Women stand by comments about Moore in WaPo story

Women stand by comments about Moore in WaPo story

MONTGOMERY, AL (WSFA) - As U.S. Senate candidate Roy Moore continues to come under fire, his accusers are sticking to their statements.

Three of the women in a Thursday Washington Post article who say Moore pursued them when they were teens and he was in his 30s released statements about their comments.

Leigh Corfman, who told the Washington Post she had a sexual encounter with Moore when she was 14, said she is standing by her story.

"I stand by my comments," Corfman said. "The article is very detailed, anyone with questions should please re-read it. And I want to say thank you to my friends and others who have supported me and my story."

Another woman says Moore took her on dates that included drinking alcohol when she was 18. The legal drinking age in Alabama was 19 at the time.

"I stand by my word and have no further comment at this time," Gloria Deason said.

Deason's attorney, Paula Cobia, says her client has read the Washington Post article and says everything in it is accurate and correct. Cobia said Deason doesn't know the other women in the article.

Cobia also said Deason knew the article would put her in the limelight, and it wasn't an easy decision for her, but she wanted to tell the truth. She said Deason had no incentive to come out with the information.

Deborah Wesson Gibson, who says she was 17 when Moore took her on several dates, also commented on the article.

"I stand by the interview I gave The Washington Post and feel that I am represented accurately in the story," Gibson said. "Please refer to the article; I do not have any additional comment, thank you."

We have not received a comment from Wendy Miller, the fourth woman named in the article.

The Washington Post article says the women didn't seek out the news organization to make their allegations. The article states that while working on a story about Moore's Senate campaign supporters, a Post reporter got a tip about Moore having relationships with teenage girls.

Over three weeks, two reporters contacted and interviewed the women. The article says the women were hesitant about coming forward at first, but ultimately decided it was important for people to know the truth.

None of the women know each other, the article states.

Alabama State Rep. Ed Henry is getting heat for recent comments he made about the women. Henry says he doesn't buy the allegations against Moore, and he told the Cullman Times that the women accusing Moore of sexual misconduct should be prosecuted.

"If they believe this man is predatory, they are guilty of allowing him to exist for 40 years. I think someone should prosecute and go after them. You can't be a victim 40 years later, in my opinion," Henry told the newspaper.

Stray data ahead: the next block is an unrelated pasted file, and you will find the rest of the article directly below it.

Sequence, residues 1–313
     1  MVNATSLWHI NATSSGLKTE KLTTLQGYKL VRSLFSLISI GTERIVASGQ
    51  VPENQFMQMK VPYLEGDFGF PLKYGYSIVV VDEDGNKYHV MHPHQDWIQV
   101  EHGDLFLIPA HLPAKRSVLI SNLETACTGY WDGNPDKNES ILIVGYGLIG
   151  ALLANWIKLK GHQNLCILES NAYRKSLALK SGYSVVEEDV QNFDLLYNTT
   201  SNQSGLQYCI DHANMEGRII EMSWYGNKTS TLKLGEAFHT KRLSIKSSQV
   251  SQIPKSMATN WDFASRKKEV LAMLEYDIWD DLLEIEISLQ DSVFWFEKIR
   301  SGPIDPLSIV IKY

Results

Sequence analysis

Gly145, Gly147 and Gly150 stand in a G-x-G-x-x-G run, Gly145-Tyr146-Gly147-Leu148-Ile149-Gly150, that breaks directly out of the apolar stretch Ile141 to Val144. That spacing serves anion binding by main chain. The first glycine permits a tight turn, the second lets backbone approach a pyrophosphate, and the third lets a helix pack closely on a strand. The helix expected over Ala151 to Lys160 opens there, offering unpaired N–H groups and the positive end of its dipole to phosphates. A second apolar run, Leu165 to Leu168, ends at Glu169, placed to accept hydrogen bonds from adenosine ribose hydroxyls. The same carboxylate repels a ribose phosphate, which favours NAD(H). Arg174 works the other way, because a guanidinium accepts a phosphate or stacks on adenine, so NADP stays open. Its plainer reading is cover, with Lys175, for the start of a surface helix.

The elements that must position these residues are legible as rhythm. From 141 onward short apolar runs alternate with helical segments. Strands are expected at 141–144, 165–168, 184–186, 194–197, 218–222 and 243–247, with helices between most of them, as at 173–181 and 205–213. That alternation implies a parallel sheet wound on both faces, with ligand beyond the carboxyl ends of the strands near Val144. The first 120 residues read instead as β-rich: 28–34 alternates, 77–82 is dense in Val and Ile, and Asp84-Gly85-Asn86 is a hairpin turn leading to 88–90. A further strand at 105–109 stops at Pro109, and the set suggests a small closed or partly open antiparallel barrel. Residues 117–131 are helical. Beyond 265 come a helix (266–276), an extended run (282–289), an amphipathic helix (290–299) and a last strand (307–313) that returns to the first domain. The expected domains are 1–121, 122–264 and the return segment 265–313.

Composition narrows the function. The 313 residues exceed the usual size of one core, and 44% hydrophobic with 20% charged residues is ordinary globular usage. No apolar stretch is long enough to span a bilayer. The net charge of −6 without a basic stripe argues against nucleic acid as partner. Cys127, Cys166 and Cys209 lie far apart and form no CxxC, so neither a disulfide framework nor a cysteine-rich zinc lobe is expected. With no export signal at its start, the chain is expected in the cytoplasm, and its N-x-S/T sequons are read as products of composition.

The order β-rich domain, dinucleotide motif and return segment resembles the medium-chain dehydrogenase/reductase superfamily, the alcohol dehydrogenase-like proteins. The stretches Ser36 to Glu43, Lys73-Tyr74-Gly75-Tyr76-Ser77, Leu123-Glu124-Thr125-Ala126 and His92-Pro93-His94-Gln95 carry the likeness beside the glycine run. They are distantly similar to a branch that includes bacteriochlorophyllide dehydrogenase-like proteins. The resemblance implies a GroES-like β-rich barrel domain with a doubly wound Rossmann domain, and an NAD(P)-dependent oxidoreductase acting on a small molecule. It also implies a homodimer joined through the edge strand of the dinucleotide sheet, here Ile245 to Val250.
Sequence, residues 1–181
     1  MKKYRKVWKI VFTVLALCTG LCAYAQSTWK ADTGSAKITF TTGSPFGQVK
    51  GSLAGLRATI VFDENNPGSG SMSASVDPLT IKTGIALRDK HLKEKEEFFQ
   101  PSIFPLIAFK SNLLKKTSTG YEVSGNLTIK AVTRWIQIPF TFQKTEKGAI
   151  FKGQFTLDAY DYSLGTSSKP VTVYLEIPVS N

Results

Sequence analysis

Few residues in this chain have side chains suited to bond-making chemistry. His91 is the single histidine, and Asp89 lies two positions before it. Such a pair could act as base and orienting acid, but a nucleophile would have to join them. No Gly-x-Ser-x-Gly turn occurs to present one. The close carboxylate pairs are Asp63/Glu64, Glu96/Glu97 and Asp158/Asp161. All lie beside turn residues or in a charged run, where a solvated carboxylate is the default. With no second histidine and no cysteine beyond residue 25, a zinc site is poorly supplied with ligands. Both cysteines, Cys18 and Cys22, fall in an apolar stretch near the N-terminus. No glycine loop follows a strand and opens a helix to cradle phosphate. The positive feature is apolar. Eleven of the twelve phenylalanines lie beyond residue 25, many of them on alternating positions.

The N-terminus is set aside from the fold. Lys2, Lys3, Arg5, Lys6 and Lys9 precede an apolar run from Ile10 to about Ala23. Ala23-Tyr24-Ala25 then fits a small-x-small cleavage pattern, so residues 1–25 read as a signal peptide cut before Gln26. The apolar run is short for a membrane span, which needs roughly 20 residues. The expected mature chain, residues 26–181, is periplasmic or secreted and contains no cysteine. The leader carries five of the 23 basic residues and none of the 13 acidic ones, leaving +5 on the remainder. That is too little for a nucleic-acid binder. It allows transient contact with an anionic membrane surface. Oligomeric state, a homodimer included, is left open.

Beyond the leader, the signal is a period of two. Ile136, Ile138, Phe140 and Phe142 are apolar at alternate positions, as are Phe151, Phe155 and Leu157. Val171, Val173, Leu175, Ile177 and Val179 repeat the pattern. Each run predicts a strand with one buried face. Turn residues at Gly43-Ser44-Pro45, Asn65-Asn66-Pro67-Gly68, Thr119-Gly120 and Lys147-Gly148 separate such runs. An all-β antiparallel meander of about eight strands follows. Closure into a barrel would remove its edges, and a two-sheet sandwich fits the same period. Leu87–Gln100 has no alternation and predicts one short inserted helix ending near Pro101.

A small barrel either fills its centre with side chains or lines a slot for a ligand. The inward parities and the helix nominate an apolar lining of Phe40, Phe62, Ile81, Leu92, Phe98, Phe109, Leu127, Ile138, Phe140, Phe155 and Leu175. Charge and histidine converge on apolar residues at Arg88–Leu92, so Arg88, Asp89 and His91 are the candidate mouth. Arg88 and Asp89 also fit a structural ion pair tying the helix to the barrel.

He later tweeted, "I don't believe victims of sexual assault should be prosecuted. I believe people who falsely accuse should be accountable."

Gov. Kay Ivey answered questions about whether she finds the accounts of the women trustworthy.

"Why wouldn't it be?" she said. "I don't know, anything can happen. We just have to get more facts."

In a radio interview with Sean Hannity, Moore said he doesn't know Corfman and has never had any contact with her.

Moore said he dated "a lot of young ladies" after returning to the U.S. from serving in the military, but didn't remember going on dates with the women in the story.

Moore said he remembered two of the women: Debbie Wesson Gibson and Gloria Thacker Deason.

"I know her, but I don't remember going out on dates," Moore said of Gibson. "I knew her as a friend. If we did go out on dates, then we did, but I don't remember that."

Moore also denied ever giving Gloria Thacker Deason rose wine.

"I never provided alcohol, beer  or intoxicating liquor to a minor. That would be against the law, against anything I would have ever done," Moore said. He added that it was a dry county.

Moore said he remembers Deason as a "good girl."

Moore also said that he stands by his claims that these allegations are a political attack.

"This never happened, they know it never happened and obviously you don't wait 40 years to bring up something like this," he said. "There are going to come out facts, there will be facts that show in this situation that this was a Democrat, and maybe even the established Republican, efforts to undermine this campaign because they don't want to hear the truth in Washington and they don't want to hear the truth about god and the constitution."

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